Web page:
Over a three-month, period beginning in January 2018, Telegram entered into Gram Purchase Agreements with Initial Purchasers. The agreements called for TON Issuer Inc., a subsidiary of Telegram, to issue a new cryptocurrency called “Grams.” A new blockchain platform would be launched known as “TON Network.” Investors purchased Grams for delivery following the completion of the TON Blockchain. After completion of that project, investors would be reimbursed less expenses.

The initial offerings were conducted in two phases. Together about 2.9 billion Grams were sold in exchange for $1.7 billion. Over $400 million was raised in the U.S.

Telegram cautioned that the Gram Purchase Agreement is an investment contract. The agreement cautioned U.S. based investors that the offer and sale of the security – referencing the Agreement – was not registered under the Securities Act of 1933 and cannot be transferred absent an effective registration statement. Grams, however, are not securities, according to Telegram. Grams are a currency.

Investors were told that the Grams would appreciate in value over time. This would come not from the ability to exchange them for goods and services which was not existent, but from the build-out of the ecosystem or the TON Network. The series of documents used in connection with the offerings noted that the capital raised from the initial solicitations would be pooled and used over time in connection with the development of the network. Subsequent issuances of Grams would be priced at a premium to those acquired in the initial offerings. Investors had a collective, shared interest in the success of the buildout in view of the potential for the pooled assets to appreciate. The offering materials committed to deliver the Grams and launch the TON Blockchain by no later than October 31, 2019.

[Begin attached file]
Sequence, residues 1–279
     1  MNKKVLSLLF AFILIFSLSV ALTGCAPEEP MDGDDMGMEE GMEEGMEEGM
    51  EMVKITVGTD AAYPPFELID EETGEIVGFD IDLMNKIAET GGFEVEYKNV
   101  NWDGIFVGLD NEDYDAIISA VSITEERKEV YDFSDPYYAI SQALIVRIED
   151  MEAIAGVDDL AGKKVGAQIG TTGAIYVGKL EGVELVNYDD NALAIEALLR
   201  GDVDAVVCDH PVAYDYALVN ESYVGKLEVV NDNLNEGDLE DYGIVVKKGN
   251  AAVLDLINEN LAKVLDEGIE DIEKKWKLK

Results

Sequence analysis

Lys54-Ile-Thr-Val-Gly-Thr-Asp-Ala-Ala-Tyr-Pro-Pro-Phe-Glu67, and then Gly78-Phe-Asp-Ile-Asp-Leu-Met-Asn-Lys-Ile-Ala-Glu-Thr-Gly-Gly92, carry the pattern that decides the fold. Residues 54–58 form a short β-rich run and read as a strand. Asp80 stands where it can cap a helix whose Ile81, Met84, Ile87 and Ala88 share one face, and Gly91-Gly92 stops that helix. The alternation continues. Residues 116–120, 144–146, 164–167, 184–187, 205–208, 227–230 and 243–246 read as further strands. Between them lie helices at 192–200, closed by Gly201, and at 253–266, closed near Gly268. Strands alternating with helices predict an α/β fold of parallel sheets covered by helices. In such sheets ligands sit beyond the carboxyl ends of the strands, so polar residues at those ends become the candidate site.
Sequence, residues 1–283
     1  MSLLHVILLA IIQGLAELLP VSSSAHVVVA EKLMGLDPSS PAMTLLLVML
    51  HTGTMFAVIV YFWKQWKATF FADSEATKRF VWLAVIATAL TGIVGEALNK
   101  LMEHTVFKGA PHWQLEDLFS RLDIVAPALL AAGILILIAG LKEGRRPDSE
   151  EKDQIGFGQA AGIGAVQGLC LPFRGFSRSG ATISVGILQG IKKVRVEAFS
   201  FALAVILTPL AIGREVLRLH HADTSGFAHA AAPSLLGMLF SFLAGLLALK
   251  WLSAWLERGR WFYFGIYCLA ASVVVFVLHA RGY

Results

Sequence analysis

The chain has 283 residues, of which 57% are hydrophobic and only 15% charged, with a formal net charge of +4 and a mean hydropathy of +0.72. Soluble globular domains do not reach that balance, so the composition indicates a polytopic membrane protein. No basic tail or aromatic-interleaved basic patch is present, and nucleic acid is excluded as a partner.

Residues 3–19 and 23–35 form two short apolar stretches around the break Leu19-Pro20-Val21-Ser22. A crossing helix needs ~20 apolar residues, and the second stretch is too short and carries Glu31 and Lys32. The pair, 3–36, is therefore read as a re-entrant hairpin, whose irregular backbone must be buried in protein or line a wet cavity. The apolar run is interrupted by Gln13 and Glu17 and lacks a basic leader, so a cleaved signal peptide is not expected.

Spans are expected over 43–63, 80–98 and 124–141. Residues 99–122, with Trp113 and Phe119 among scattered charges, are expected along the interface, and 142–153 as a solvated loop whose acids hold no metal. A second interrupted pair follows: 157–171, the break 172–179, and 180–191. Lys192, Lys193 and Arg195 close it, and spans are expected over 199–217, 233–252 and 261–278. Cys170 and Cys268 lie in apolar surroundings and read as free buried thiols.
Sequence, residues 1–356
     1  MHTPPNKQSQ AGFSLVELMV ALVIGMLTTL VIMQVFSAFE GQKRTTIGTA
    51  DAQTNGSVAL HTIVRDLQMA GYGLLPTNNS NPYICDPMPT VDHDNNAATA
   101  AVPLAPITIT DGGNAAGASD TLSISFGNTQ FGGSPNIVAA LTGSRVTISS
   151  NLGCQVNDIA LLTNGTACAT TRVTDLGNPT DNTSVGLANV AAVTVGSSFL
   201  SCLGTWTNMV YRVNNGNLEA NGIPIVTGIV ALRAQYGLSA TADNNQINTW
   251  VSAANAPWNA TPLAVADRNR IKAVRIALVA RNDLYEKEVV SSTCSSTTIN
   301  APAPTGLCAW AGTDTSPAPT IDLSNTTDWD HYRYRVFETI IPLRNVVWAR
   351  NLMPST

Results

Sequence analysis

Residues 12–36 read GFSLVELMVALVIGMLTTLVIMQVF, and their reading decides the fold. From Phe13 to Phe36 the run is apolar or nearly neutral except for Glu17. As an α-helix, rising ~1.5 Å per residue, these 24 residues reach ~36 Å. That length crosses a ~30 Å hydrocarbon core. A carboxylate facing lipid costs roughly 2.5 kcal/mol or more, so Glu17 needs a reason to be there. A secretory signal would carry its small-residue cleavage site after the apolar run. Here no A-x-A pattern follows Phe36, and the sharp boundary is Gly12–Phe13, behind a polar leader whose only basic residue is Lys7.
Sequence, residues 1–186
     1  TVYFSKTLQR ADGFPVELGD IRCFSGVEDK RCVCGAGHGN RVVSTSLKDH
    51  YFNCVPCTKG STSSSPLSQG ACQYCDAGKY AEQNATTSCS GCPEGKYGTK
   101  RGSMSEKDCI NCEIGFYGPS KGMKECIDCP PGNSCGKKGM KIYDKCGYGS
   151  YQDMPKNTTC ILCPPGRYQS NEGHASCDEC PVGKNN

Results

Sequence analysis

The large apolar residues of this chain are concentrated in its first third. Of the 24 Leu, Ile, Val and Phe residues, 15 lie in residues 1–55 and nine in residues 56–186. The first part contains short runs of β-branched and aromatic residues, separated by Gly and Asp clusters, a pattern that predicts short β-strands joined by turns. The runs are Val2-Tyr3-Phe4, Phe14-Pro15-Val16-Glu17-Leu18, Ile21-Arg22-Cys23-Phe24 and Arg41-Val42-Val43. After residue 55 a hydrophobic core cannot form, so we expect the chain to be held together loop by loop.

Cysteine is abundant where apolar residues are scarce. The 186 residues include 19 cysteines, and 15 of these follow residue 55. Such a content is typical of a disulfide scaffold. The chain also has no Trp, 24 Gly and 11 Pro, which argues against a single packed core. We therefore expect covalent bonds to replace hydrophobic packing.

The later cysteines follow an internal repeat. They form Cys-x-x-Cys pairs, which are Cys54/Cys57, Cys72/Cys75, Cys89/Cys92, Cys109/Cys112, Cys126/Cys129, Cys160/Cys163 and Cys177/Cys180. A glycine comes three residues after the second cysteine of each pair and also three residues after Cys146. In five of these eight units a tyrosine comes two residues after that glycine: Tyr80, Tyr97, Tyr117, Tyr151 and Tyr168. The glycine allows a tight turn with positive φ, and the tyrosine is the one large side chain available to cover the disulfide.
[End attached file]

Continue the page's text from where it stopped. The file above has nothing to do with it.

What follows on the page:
In March 2019 Telegram released a beta version of the TON Blockchain. The network was designed to test the functionality of TON and Grams. This test was important to the ultimate delivery of the Grams in the Fall 2019. A critical requirement of the proposed TON Network and Blockchain is numerosity. Widespread distribution and use of Grams across the globe was key to fulfilling the promise of the initial offerings . This was because if only the original Grams purchasers state their holdings, the TON Blockchain would, by definition become centralized. At the time the complaint was filed last fall, Defendants were preparing for the next offering, needed in part, to fund the continued development of the network. The complaint alleges violations of Securities Act Sections 5(a) and 5(c).

The Telegram approach to crypto and its uses may well have been one of the most creative. It was telling that no fraud claim was asserted by the Commission. At the same time, it appears that the revolution may well be at an end.